By Gareth Iacobucci
Almost two-thirds of GPs offering extended hours will stop next year if PCTs remove funding, with over half of trusts considering withdrawing local funding in light of the Government’s scrapping of national access targets, Pulse can reveal.
Health secretary Andrew Lansley recently announced his intention to abolish the national target for 50% of practices in each PCT to provide extended hours as part of his bonfire of NHS targets.
And a Pulse survey of 350 GPs currently providing extended opening, only one in seven said they would definitely continue to work early morning, evening and weekend shifts if funding was withdrawn – with the remainder undecided.
Freedom of Information responses from 107 PCTs shows that over half of trusts are reviewing their use of extended hours LES’s for next year, with many likely to scrap funding if the national DES is removed following the abolition of the target.
Only a quarter of the 98 trusts currently offering extended hours said they would definitely offer the service next year, with the majority set to re-examine their service and one in five yet to decide whether to review arrangements.
These included NHS Hounslow, which said: ‘in light of the White Paper [the] Enhanced Services budget is likely to be reviewed with PBC Consortia’, and NHS Cambridgeshire, which said it would ‘review according to changing national priorities’.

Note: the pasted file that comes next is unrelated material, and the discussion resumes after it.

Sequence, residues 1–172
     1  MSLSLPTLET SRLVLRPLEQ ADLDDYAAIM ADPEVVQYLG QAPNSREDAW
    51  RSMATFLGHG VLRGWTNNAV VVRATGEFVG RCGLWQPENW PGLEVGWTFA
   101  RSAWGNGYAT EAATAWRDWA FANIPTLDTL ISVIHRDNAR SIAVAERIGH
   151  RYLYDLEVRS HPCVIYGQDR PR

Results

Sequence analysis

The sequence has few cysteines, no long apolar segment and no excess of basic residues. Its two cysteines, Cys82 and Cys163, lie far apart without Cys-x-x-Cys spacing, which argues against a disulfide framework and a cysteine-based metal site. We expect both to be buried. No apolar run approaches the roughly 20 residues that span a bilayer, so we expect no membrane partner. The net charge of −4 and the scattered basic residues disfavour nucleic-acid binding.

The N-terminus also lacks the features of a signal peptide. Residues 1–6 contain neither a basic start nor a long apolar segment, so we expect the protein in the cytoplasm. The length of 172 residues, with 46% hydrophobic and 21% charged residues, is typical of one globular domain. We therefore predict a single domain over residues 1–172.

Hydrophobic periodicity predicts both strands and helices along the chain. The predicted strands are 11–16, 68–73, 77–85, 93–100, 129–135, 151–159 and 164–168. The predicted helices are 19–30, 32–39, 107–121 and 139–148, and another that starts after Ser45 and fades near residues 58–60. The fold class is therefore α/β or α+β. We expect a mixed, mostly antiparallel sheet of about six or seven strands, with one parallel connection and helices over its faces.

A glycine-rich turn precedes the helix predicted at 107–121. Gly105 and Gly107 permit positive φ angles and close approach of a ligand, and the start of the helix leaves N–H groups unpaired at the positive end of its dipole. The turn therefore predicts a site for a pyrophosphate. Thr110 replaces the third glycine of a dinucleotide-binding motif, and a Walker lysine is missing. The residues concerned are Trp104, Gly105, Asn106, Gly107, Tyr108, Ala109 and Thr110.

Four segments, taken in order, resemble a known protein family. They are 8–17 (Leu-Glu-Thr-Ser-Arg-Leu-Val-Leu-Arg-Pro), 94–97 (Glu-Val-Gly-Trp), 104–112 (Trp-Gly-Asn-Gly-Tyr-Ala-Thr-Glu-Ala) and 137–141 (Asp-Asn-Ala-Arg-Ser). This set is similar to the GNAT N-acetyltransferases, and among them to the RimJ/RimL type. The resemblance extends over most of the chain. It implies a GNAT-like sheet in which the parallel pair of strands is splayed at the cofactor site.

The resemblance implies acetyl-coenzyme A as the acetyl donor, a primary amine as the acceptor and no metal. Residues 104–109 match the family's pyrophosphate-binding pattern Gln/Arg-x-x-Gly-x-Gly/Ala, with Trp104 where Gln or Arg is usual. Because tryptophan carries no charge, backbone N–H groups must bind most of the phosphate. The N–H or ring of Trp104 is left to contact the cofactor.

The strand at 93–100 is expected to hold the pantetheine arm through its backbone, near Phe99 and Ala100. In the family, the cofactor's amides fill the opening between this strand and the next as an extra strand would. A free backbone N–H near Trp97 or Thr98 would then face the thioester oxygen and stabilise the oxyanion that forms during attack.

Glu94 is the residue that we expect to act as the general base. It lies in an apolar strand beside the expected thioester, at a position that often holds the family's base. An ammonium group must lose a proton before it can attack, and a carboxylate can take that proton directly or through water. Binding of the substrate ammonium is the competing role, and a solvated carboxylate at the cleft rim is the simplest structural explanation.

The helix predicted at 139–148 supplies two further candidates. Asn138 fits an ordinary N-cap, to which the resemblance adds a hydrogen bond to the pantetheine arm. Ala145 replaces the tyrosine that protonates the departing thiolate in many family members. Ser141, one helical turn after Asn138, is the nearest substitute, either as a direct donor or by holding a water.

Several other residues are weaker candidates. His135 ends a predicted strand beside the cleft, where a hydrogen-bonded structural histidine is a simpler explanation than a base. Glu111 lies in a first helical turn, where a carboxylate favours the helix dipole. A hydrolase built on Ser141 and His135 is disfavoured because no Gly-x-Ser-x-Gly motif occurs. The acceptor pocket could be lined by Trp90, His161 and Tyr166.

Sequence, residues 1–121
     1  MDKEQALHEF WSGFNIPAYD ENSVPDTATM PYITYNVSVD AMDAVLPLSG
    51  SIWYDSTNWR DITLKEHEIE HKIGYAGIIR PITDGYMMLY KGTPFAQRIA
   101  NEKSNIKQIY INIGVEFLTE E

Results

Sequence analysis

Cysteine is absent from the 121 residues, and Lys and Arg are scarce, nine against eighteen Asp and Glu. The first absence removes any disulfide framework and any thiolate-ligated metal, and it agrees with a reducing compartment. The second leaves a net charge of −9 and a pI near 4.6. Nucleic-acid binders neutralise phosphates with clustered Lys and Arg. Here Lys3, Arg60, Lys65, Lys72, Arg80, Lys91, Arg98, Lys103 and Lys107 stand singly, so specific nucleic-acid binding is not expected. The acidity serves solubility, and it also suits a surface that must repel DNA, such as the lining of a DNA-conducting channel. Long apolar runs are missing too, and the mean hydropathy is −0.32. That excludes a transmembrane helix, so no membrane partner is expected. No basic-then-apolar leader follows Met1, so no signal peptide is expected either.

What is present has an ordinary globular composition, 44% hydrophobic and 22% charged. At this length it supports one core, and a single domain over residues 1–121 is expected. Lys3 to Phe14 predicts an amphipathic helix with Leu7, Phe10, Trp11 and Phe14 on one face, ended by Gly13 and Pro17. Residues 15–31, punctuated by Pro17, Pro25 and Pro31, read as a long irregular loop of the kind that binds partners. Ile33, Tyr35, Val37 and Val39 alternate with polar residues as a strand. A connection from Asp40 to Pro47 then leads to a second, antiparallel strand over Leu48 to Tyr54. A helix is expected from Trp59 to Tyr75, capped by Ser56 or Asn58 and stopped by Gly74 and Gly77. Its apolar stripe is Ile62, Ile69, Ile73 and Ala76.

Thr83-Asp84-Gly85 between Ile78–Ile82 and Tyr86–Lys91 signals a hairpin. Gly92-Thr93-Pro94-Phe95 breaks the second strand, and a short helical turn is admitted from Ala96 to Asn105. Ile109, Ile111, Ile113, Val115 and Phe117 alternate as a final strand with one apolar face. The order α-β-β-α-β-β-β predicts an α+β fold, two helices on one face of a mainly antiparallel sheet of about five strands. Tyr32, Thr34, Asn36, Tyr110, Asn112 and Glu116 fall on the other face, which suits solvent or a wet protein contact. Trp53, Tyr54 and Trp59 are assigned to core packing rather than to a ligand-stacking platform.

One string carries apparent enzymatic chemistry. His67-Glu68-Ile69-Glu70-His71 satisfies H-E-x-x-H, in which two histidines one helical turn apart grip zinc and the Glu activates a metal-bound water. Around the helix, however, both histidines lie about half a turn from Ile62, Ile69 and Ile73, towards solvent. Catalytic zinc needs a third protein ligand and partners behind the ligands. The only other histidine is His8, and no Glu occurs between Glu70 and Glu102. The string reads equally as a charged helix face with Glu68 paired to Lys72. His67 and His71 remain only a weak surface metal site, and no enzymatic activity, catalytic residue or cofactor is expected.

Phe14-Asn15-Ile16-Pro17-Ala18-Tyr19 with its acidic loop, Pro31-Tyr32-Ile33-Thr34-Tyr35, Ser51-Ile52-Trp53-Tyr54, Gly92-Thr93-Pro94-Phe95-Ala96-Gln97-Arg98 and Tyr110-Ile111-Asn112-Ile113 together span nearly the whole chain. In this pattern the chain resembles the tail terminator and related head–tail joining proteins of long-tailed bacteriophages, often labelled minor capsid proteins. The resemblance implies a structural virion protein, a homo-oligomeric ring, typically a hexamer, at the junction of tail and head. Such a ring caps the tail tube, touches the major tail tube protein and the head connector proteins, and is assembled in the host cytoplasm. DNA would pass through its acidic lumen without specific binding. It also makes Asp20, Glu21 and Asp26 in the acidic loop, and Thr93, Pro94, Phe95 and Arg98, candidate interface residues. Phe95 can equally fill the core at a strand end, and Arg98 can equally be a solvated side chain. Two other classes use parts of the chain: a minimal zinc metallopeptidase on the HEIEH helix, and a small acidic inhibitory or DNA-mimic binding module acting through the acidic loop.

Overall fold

A Department of Health spokesperson told Pulse there had been no decision on the future of the national funding for extended hours, but said ‘discussions would be on-going with the GPC’ over a possible discontinuation of the DES.
Of GPs responding to Pulse’s survey who currently provide extended hours, 60% said they would stop providing the service if funding is withdrawn, while just 13% said they would continue, and 27% said they did not know.
Dr Alan Keith, a GP in Rotherham, which is reviewing all its enhanced services in 2010/2011, including extended hours, said his practice would stop offering shifts outside normal opening hours if funding was withdrawn.
He said: ‘It has not been a runaway success, and has been a bit of a damp squib. The biggest problem we have had is lots of DNAs. In some places it might be working, but here, it was all a bit pointless, and tackling a need that wasn’t there.’
Dr Michael Dixon, chair of the NHS Alliance and a GP in Cullompton, Devon, said GPs should be wary of giving up extended hours if it went against their patients’ wishes, regardless of how it’s funded.
He said: ‘In an ideal world, each practice should be talking to its patients, rather than to Government targets.
‘Clearly, patient experience will enter the payment structure in one way or another even if not through the extra extended hours DES.’
He added it may also see some practices losing patients to practices that do offer the service, particularly when practice boundaries are abolished.
‘Practices that have wider opening hours are going to more competitive than the ones that don’t. So I suppose it’s a caution to those that are thinking of going back to what they had before.’
Dr Alan Keith: Extended hours has been a ‘bit of a damp squib’ In Depth
Plan to continue – 13%
Plan to stop – 60%
Don’t know – 27%
Source: Pulse survey of 350 GPs currently providing extended hoursPCT plans for extended hours
Reviewing LES for next year – 57%
Not reviewing LES – 25%
Undecided – 18%
Source: Pulse survey of 98 PCTs currently offering extended hours